Olly Richards of Empire (film magazine) gave it 3 out of 5 and called it "A much bolder, braver horror sequel than most. Except for a wispy ending, it’s a match for the first."[26]


  1. ^ a b "The Woman in Black 2: Angel of Death (2015)". Box Office Mojo. Retrieved 3 June 2016.
  2. ^ Fakhruddin, Mufaddal (23 December 2014). "Win 10 Invitations to the Movie Premiere of 'The Woman in Black 2: Angel of Death'". IGN Middle East. Retrieved 8 July 2017.
  3. ^ "Woman in Black 2: Angel of Death (15)". British Board of Film Classification. 16 October 2014. Retrieved 16 October 2014.
  4. ^ Foundas, Scott (1 January 2015). "Film Review: 'The Woman in Black 2: Angel of Death'". Variety. Retrieved 17 February 2015.
  5. ^ "BFI Statistics 2015: UK independent films win audiences in a blockbuster box office year". Retrieved 27 October 2018.
  6. ^ "Archived copy" (PDF). Archived from the original (PDF) on 12 January 2017. Retrieved 5 October 2016.((cite web)): CS1 maint: archived copy as title (link)
  7. ^ "'The Woman In Black' sequel confirmed with author Susan Hill - NME". 2 April 2012. Retrieved 27 October 2018.
  8. ^ Schwartz, Terri (13 June 2012). "'Woman In Black' Sequel Story Details Revealed". MTV. Archived from the original on 25 July 2014. Retrieved 13 June 2012.
  9. ^ "'The Woman in Black' Sequel Moving Forward". Fused Film. Retrieved 24 May 2012.[permanent dead link]
  10. ^ Newman, Nick (2 April 2012). "'The Woman in Black' Gets Sequel Treatment, 'Angels of Death'". The Film Stage. Retrieved 24 May 2012.
  11. ^ Miller, Jenni (2 April 2012). "'The Woman in Black' Becomes a Frightening Franchise with 'The Angels of Death'". Next Movie. Retrieved 24 May 2012.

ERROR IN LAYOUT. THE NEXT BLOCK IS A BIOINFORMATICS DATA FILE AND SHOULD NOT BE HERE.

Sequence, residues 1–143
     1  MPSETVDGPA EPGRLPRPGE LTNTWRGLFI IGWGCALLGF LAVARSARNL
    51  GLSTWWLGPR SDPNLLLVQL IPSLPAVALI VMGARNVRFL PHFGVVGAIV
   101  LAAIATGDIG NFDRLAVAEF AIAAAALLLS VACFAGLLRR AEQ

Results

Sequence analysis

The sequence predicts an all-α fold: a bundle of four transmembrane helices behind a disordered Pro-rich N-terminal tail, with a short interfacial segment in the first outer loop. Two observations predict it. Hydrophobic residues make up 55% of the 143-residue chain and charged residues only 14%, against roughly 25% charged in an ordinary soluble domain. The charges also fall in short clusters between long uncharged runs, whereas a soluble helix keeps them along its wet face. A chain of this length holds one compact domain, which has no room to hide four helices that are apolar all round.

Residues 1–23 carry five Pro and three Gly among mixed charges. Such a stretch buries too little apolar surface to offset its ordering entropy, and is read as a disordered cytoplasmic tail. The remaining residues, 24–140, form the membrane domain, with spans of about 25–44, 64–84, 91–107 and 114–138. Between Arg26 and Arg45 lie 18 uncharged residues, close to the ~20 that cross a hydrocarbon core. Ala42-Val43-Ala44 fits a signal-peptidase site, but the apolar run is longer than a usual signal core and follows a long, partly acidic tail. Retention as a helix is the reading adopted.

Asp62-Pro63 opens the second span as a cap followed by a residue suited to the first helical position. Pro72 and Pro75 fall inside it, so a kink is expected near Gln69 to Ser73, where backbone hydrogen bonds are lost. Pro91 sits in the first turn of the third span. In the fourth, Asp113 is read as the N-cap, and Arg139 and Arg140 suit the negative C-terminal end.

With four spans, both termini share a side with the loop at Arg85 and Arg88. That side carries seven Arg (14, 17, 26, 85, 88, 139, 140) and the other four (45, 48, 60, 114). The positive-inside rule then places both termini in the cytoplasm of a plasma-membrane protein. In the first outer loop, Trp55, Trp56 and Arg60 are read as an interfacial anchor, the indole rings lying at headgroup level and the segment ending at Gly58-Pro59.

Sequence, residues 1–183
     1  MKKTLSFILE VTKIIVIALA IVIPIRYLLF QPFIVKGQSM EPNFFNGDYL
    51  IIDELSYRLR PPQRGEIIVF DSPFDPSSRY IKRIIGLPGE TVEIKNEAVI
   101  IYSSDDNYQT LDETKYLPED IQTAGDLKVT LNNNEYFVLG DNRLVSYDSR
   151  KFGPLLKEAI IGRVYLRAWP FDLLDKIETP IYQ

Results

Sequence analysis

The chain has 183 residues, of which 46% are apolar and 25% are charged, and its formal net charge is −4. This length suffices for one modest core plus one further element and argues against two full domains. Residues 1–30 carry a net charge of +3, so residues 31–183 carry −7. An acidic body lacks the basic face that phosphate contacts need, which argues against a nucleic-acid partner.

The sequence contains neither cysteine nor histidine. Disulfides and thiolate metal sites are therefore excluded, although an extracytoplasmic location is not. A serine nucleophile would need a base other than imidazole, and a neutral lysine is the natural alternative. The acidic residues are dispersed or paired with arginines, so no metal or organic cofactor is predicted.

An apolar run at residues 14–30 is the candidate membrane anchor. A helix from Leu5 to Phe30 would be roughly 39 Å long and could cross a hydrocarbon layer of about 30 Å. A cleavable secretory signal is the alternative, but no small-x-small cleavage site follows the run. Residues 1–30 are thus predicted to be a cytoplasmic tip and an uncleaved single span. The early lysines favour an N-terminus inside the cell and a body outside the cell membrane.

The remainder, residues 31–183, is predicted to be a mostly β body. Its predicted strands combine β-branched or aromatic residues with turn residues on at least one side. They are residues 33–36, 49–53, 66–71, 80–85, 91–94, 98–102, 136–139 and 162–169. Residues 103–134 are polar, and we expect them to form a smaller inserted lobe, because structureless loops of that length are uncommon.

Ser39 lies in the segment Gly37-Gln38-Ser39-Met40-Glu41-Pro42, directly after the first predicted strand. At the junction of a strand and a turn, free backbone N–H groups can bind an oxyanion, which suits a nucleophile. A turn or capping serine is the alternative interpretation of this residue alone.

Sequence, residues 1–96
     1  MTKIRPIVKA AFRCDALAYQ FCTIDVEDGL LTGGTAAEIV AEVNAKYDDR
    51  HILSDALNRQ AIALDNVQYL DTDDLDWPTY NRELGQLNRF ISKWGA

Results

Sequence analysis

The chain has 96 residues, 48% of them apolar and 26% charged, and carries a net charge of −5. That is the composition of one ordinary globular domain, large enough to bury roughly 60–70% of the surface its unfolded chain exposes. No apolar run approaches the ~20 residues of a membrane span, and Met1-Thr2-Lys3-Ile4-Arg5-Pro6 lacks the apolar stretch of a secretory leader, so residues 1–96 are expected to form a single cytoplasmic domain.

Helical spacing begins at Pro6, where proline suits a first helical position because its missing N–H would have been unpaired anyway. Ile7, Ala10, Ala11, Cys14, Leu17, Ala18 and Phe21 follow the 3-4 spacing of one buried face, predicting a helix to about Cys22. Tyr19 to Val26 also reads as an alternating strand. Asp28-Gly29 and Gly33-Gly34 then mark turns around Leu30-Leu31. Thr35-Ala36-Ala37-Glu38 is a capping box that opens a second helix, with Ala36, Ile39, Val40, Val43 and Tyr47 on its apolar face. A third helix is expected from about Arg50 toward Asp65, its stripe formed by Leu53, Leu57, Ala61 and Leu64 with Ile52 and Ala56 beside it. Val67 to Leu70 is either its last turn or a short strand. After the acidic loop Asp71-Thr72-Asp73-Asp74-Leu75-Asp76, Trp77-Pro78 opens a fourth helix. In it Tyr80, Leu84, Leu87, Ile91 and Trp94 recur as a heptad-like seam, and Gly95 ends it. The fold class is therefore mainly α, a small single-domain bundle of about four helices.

12. ^ Trumbore, Dave (13 October 2012). "Tom Harper Set to Direct The Woman in Black: Angels of Death". Collider. Retrieved 13 October 2012.
  13. ^ "Woman in Black sequel casts Jeremy Irvine as lead". BBC News Online. 29 April 2013. Retrieved 4 May 2013.
  14. ^ "Helen McCrory - London theatre tickets". London theatre tickets. Retrieved 27 October 2018.
  15. ^ Tyley, Jodie (31 October 2013). "The Woman In Black 2 Has a "Fantastic Script"". SciFiNow. Retrieved 18 October 2014.
  16. ^ Alexander, Niall (30 October 2013). "Not Enough: The Woman in Black: Angel of Death by Martyn Waites". Retrieved 18 October 2014.
  17. ^ Jones, Tony. "Book Review: The Woman in Black - Angel of Death". Starburst. Archived from the original on 23 February 2015. Retrieved 18 October 2014.
  18. ^ Hickling, Alfred (23 October 2013). "Angel of Death by Martyn Waites – review". The Guardian. Retrieved 18 October 2014.
  19. ^ "The Woman in Black 2 Angel of Death Soundtrack Available Today! - Dread Central". 30 December 2014. Retrieved 27 October 2018.
  20. ^ a b "'The Woman in Black 2: Angel of Death' Dated For Home Video - Bloody Disgusting". 18 February 2015. Retrieved 27 October 2018.
  21. ^ "The Woman in Black 2 Angel of Death Haunts Blu-ray in April - Dread Central". 18 February 2015. Retrieved 27 October 2018.
  22. ^ "The Woman in Black 2 Angel of Death". Rotten Tomatoes. Fandango Media. Retrieved 1 April 2020.
  23. ^ "The Woman in Black 2: Angel of Death". Metacritic. CBS. Retrieved 9 January 2015.
  24. ^ D'Alessandro, Anthony (6 January 2015). "2015 Off To Fantastic Start, Up 6.5%: Post-New Year's Box Office Actuals". Deadline Hollywood. Angel Of Death received a C CinemaScore, which places it line with other horror movies that performed at the box office
  25. ^ Ray Subers (4 January 2015). "Weekend Report: 'Hobbit' Finale Three-Peats on First Weekend of 2015". Box Office Mojo. With a "C" CinemaScore and an audience that skews younger (65 percent under the age of 25 )
  26. ^ Olly Richards (2015). "The Woman In Black: Angel Of Death". Empire (film magazine).